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The Low-Cost (But Effective) Alternative To Semi-Automatics

Image source: armoryblog.com

Image source: armoryblog.com

Due to their availability, fair price and good conditioning, older surplus bolt action rifles have become very popular weapons with survivalists who are seeking cheaper alternatives to higher-end automatic weapons such as AK-47s, AR-15s and M1As.

The Russian-made Mosin-Nagant bolt action rifle is a prime example of a weapon that is praised for its ruggedness, accuracy, track record, cheap pricing and cheap ammunition. The Mosin-Nagant has been used in many conflicts since the late 1890s up until today, and has proved itself again and again. Other bolt-action rifles like the Mosin-Nagant that have found favor with survivalists and gun enthusiasts include the British Lee-Enfield, the German Mauser rifle, and the American Springfield M1903.

The question is: How would one of these older but rugged bolt-action rifles compare to a modern day AR?

When it comes down to it, an AR or similar automatic weapon is a more versatile rifle, and someone with a Mosin-Nagant going up against someone with an AR or AK may not exactly have good odds. But at the same time, semi-automatic rifles are expensive. A good, military style semi-automatic rifle will cost around $1,000 for the gun alone, and a lot more for enough ammunition to be proficient with it. Owning a rifle is one thing, but being proficient with it is another. Proficiency requires a lot of rounds, as in over a thousand rounds, to be used at the range.

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The ultimate reason why many people go with the older bolt-action rifles is because they provide a cost-efficient way to put bullets downrange at long distances. There are four categories of guns you should own: pistol, shotgun, .22 rifle, and center-fire rifle. Many see the Mosin-Nagant as filling the last category nicely.

As an example here, let’s compare a surplus bolt action rifle, the Mosin-Nagant in 7.62x54r, with a modern day semi-automatic rifle in a similar chambering, an AR-10 or M1A in .308 Winchester.

A good quality Mosin-Nagant will cost no more than $200 without a scope, and that is no doubt an excellent deal. In comparison, a new AR-10 or M1A will cost in the $1,500 range, again without a scope.

Now let’s look at ammo: You need 1,000 rounds of ammo spent at the range in order to be proficient with the weapon, and at least 1,000 more rounds in storage. This is 2,000 rounds total, minimum.

Let’s say we buy the 7.62x54r ammo and the .308 Winchester ammo in bulks of 500 rounds each. A bulk of 500 rounds of 7.62x54r ammo is going to cost you around $190 to maybe $220, depending on the manufacturer and type of the ammo. That’s approximately $760 for 2,000 rounds of ammunition.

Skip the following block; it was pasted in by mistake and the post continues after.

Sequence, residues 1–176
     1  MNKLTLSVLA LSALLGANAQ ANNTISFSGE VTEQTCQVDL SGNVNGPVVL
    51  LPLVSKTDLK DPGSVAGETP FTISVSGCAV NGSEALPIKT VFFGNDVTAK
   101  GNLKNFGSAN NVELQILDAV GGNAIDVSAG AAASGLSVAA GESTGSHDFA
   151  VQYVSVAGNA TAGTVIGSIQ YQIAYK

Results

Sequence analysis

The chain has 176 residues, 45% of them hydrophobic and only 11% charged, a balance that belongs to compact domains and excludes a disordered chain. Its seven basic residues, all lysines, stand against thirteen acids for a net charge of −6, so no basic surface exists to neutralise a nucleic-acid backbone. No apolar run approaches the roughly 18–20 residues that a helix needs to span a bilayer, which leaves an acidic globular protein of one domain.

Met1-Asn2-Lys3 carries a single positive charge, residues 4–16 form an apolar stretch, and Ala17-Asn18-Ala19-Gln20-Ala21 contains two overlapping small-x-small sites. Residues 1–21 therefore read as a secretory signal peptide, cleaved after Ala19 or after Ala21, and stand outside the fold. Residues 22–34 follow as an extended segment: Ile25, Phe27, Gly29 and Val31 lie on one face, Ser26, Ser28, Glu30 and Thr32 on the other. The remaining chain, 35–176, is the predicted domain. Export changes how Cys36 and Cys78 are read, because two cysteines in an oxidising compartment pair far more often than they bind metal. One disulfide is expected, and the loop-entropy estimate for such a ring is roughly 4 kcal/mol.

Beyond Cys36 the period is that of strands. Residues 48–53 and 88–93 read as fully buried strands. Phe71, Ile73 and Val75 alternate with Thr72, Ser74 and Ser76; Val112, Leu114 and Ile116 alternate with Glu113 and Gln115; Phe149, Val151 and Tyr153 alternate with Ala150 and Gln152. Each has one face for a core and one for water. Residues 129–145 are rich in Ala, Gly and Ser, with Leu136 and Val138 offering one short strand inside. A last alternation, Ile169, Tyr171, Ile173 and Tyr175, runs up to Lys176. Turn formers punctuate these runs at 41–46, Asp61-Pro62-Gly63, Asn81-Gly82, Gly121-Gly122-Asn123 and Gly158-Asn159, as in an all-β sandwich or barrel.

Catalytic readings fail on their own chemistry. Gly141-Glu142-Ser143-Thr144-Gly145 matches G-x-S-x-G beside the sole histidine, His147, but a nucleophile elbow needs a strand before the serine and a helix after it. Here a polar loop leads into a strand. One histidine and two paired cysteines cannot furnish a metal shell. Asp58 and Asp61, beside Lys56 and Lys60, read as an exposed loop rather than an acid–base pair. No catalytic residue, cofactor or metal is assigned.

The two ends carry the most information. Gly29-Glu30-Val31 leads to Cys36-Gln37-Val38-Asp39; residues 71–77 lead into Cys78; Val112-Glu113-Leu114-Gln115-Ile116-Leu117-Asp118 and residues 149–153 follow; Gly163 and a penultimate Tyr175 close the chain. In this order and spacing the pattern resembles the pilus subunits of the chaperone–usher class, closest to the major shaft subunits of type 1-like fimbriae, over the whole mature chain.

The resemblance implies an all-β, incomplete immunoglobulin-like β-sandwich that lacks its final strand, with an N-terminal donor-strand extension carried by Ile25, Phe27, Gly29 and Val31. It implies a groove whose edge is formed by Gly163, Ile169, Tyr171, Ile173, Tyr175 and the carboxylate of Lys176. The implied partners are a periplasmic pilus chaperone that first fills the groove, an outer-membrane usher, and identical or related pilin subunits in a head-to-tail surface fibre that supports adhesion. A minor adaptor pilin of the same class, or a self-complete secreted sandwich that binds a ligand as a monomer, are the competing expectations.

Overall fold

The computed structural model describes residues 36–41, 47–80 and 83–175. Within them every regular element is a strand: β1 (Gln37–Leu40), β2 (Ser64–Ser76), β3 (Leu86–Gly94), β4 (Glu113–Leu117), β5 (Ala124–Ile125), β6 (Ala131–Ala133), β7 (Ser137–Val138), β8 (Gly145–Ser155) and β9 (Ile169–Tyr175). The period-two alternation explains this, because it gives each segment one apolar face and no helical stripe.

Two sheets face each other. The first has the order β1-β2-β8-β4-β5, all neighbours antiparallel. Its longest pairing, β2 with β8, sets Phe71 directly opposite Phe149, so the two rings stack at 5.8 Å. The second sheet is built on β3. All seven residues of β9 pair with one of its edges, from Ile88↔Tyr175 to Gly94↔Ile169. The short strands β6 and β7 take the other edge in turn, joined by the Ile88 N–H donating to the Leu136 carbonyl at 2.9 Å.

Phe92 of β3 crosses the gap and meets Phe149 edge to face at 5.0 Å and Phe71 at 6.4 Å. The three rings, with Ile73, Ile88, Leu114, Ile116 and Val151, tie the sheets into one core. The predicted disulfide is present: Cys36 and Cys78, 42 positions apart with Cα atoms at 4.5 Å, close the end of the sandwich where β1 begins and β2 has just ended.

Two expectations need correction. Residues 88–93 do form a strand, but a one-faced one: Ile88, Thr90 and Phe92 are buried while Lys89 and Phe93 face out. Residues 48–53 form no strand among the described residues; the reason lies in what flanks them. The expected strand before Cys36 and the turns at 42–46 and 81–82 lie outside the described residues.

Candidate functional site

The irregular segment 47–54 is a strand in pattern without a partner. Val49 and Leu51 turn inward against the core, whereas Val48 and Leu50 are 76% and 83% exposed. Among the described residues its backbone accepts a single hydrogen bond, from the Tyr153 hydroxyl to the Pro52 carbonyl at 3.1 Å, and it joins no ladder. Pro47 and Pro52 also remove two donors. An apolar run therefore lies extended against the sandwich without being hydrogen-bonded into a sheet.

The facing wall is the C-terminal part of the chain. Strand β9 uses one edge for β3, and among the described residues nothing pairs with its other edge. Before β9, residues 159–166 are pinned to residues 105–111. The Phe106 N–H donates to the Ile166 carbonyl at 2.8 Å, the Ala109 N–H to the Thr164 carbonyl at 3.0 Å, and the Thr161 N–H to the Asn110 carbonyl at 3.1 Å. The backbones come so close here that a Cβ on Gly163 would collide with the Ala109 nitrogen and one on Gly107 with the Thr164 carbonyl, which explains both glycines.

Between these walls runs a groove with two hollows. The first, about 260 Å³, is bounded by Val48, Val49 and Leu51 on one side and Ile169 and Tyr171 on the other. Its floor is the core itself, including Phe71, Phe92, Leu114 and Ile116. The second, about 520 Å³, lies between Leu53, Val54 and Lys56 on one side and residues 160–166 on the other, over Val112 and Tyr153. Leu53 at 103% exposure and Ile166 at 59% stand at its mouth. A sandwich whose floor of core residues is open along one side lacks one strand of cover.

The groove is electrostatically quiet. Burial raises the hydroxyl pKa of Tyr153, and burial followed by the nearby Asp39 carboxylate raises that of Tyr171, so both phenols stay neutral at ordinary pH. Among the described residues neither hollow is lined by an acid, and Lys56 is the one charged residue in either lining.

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A bulk of 500 rounds of .308 Winchester, on the other hand, is going to cost around $350 to $400 each. At the minimum, that’s approximately $1,400 for 2,000 rounds of .308 Winchester.

All in all, to buy the Mosin-Nagant, to become proficient with it, and to have adequate stores of ammo for it is going to cost you around $960.  That number would be a little higher with a Lee-Enfield or a Mauser rifle, but you get the idea.

To do the same with an AR-10 or M1A variant is going to cost you around $2,900. That number would be a little cheaper with an AR-15 or Mini-14 chambered in 5.56 NATO, but a .308 is more comparable to the 7.62x54r, so we’ll settle with that.

When the math is calculated, the Mosin-Nagant is clearly the better deal. The new question is if it is worth saving the money to sacrifice becoming proficient with a modern day weapon in favor of an older rifle.

Owning both weapons would be nice, but when it comes down to buying one or the other, you should go with the modern day semi-automatic rifle if you can afford it. And by affording it, you still have plenty of money left over to continue to live comfortably the way you are. If you can’t afford it, you should go with the Mosin-Nagant or similar bolt-action rifle until you can afford the semi-automatic.

Bar-none, an AR-10 or an M1A is going to outperform a Mosin-Nagant with larger capacity, a faster rate of fire and availability of accessories.

But the Mosin-Nagant is not a bad option. If money is a serious issue for you, and you need a good rifle for putting rounds downrange at long distances, give the Mosin or similar bolt-action rifle a look as an interim weapon before your big purchase of a semi-automatic, modern rifle.

What are your thoughts on the Mosin-Nagant or other bolt action rifles? Share your thoughts in the section below: 

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